Dog bites are an all too common problem, with more than five million reported yearly.
About twenty percent of those bites are severe enough to need medical treatment, and 39 people died in 2017 from dog bites.
Compared to the other states, North Carolina ranks 14th in the number of dog bites, higher than some states with much greater populations.
Can the owner of a dog be held accountable for injuries caused by his dog?
Fortunately, there is some recourse available. Most people have heard the phrase, “every dog gets one bite.”
In North Carolina, the “one-bite” rule is actually a law.
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The North Carolina Dog bite law places strict liability on dog owners, meaning that, when certain conditions are met, the owner may be liable for injuries caused by a pet without specific evidence of negligence. Strict liability applies when:
- The dog has been determined to be a ‘dangerous dog” and
- The dog causes injury to a person or damages property.
A dog may be identified as dangerous when it has killed or seriously harmed a person, is being trained for dog fighting or has been determined by the local animal control agency as “potentially dangerous.”
The “potentially dangerous” classification is where the “one bite” rule enters into play. After a dog has bitten someone without being provoked, it can be classified as “potentially dangerous.” The “one bite” may not even be a bite, however. Attacking and/or killing another animal or acting in an aggressive manner toward a person are habits that will also result in being classified as “potentially dangerous.” Examples of aggressive behavior might be chasing people, intimidating people by snarling or baring its teeth, or trying to knock someone down.
Once a dog has been identified as a dangerous animal by meeting one of the three criteria, the owner can be strictly responsible for injuries caused by the dog. The owner will have to pay for injuries from bites, as well as for ancillary injuries, such as injury from a fall when running away from the dog. The owner will also be responsible for property damage caused by the dog.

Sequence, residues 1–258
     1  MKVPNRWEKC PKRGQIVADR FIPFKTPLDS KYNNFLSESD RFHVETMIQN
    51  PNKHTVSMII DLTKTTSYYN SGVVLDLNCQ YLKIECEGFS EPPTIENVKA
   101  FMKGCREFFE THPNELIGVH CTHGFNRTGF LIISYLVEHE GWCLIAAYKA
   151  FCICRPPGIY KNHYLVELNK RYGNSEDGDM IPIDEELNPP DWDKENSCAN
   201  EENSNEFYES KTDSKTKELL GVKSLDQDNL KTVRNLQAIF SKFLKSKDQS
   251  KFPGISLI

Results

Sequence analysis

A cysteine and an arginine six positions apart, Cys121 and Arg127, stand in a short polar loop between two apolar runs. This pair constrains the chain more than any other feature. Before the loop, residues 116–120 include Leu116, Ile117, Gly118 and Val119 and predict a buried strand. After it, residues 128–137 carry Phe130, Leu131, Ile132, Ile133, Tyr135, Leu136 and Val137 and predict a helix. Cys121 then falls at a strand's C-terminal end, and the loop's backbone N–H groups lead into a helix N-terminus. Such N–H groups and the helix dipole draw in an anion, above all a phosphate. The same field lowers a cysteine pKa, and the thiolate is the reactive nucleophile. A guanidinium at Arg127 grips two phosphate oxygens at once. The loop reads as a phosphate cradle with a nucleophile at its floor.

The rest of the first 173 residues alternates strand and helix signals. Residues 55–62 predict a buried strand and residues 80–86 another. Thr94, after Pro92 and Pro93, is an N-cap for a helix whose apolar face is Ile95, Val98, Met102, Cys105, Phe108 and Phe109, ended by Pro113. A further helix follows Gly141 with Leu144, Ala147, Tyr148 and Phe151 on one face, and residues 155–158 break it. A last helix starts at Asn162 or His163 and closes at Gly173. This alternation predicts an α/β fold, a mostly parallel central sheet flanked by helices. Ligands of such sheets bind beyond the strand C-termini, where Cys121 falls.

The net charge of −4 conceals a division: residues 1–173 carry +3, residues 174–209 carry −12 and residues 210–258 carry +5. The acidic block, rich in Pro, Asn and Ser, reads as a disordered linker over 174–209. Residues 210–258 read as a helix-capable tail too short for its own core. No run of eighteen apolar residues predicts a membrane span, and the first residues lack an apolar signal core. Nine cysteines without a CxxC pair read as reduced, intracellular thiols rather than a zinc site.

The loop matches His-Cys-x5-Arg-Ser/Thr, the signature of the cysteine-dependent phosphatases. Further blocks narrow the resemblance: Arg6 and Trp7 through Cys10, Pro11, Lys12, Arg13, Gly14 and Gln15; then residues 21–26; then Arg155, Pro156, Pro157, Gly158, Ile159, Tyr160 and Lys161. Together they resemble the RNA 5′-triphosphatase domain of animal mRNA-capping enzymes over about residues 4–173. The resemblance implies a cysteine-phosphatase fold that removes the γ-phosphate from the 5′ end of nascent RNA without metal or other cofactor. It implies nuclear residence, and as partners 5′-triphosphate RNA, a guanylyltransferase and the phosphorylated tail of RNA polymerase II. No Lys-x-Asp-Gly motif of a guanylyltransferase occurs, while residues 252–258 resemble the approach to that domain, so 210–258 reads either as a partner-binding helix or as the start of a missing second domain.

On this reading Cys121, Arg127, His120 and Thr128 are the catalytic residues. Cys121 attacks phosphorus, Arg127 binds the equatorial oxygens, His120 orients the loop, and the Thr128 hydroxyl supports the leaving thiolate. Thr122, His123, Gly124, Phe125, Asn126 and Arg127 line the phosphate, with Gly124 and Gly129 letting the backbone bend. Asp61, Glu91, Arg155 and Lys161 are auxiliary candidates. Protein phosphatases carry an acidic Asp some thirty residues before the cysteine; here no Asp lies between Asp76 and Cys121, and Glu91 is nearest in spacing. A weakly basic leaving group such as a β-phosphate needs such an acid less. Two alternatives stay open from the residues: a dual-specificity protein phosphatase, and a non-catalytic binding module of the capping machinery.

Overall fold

Harrisburg Dog Attack Attorneys
Even if the dog has not been classified as dangerous, North Carolina law makes a dog owner responsible for bites or injuries if the dog is over six months old, and is running loose after dark.
The strict liability law does not apply when:
- The injured person was willfully trespassing on the owner’s property
- The injured person was trying to commit a crime, or
- The injured person was intentionally provoking the dog. The owner will still be liable for injuries to an innocent trespasser, like a child who wanders onto the property accidentally.
Animal control ordinances vary in different localities, and violation of local ordinances can trigger strict liability. For example, some localities regulate certain breeds and some ban so-called dangerous breeds like pit bulls altogether.
Dog Bite Lawyer Near Me
Report any bites or hostile behavior to the dog owner and to the local animal control agency. The animal control agency may require an owner to restrain or muzzle a dog that has been known to display aggressive tendencies. Your local animal control agency will have a record of past complaints about the dog, which will help you if prove liability.
A claim against a dog owner for injuries will ordinarily be covered by his homeowner’s insurance policy. The homeowner’s insurance will pay for damages up to the policy limit. Anything beyond that would be the owner’s responsibility.
A local dog bite lawyer will be able to advise you of your rights if you have been bitten or injured by a dog. The lawyers at Campbell & Associates will strive to see that you are fully compensated for your damages from a bite or encounter with an aggressive dog. Call us at 704-769-2316 for a free case evaluation.